LTP recently got a chance to talk to the Chief Executing Officer of Pine Labs, Lokvir Kapoor.
LTP: How big is your company and who are your customers?
Lokvir: We managed 70,000 POS terminals in India at the end of financial year (March 2015) and have reached 100,000 terminals in August 2015. We plan to have 150,000 POS terminals by March 2016.
The company processed $5.5 bn worth of transactions in FY’15 (April 2014 to March 2015) and we expect to double the number this year. The company has a 12% market share by transaction value in the country where the total electronic transactions at POS stands at $50 bn in the same period. It is worth noting that 1.3% by volume and 10% by value of transactions processed by Pine Labs was through the EMI facility. At present, we generate 70% of our revenues through core payments, while the other 30% comes from value-added services.
We work with almost all major retailers such as Croma, Shoppers Stop, Arvind Stores, Big Bazaar, CCD, Cinepolis, Colorplus, Costa Coffee, D-Mart, Domino’s Pizza, Favourite Shop, Mahindra’s Babyoye, Haldirams and many others. We are in discussion with many other large retailers such as Reliance and Lifestyle, and would hopefully have them on board soon.
LTP: Pine Labs started by offering petroleum automation retail solutions and has now diversified across industry segments. How did this shift happen?
Lokvir: It was a natural evolution. I was previously associated with Schlumberger and there, we developed a good understanding of the needs of the retail petroleum industry. The opportunity was sizeable as Indian fuel retailers had large-scale operations and had many unmet demands. Hence, we came up with a petroleum automation retail solution called IRIS. BPCL provided us with many opportunities. Over a period of time, payments became our focal point and we started going beyond petroleum companies.
LTP: What do you think is the key difference between you and your competitors? In short, what do you think is your USP?
Lokvir: Increasing efficiency of the payments system is our USP. Our payment platform can interact with various billing applications, de-clutter the cash counters and eliminate the need for multiple POS machines. In addition, we provide the choice of acquirers for the merchants, offer a cloud-based solution and a technology independent of the acquirer. Furthermore, with our VAS solutions such as EMIs, integrated loyalty and discounts, merchants/issuers/networks can directly interact with the customer which was not possible with traditional solutions.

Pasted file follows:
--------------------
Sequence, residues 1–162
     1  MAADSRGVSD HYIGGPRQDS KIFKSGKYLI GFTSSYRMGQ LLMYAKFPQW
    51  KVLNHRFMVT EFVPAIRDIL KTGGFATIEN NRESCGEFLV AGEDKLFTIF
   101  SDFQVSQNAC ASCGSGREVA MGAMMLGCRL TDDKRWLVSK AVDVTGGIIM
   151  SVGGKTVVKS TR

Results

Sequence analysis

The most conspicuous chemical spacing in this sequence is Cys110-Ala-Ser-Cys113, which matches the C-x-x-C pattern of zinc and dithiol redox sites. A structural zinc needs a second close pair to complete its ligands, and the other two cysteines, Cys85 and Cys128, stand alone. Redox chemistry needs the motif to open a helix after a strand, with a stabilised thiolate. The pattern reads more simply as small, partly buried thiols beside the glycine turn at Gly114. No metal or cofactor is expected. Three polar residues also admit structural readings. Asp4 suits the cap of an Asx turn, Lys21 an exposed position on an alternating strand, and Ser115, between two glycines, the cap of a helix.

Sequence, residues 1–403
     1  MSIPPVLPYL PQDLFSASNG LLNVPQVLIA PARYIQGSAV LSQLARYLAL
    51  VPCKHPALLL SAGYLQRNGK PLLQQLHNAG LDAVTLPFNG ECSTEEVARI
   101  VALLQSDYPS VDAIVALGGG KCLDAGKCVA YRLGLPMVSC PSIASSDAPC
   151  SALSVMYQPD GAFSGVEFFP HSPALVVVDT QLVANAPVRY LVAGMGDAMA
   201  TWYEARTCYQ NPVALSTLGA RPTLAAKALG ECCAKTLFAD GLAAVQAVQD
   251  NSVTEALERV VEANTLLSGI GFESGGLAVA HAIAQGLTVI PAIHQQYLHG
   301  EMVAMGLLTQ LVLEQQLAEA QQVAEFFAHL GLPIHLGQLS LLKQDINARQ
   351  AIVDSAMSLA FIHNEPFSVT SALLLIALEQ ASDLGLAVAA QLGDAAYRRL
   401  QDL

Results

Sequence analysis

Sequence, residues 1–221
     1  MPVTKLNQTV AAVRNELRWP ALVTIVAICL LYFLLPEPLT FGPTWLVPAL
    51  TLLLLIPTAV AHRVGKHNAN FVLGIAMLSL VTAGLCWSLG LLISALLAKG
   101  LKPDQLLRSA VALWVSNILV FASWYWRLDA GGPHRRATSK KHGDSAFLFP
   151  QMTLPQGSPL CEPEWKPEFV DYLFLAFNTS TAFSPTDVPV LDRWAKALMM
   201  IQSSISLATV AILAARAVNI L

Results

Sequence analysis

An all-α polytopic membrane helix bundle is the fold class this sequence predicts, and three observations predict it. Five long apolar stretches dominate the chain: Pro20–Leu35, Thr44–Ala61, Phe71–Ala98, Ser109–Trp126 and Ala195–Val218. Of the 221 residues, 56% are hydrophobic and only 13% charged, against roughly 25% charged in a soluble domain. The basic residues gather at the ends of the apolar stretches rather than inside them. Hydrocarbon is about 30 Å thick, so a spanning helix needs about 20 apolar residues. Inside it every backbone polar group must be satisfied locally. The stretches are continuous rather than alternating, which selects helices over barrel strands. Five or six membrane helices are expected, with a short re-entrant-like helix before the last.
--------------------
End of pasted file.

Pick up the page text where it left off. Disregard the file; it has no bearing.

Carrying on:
LTP: The e-commerce industry is growing enormously in India. Why are you not so active in this space?
Lokvir: We have a payment gateway and a GPRS POS which is being used by many e-commerce companies for accepting cash-on-delivery and card-on-delivery payments. Though our product is a bit more expensive when compared to other mobile card readers in the market, it offers a lot more. When it comes to online payment gateway services, we feel that there is excessive and perhaps irrational competition in this space. The PGs are offering payment processing service at a price lower than what the issuers charge for the transaction and hence, are paying from their pockets. We were not convinced by this model of operation and therefore, not pursuing this space actively.
LTP: What are your expansion plans? What other services/solutions are you coming up with?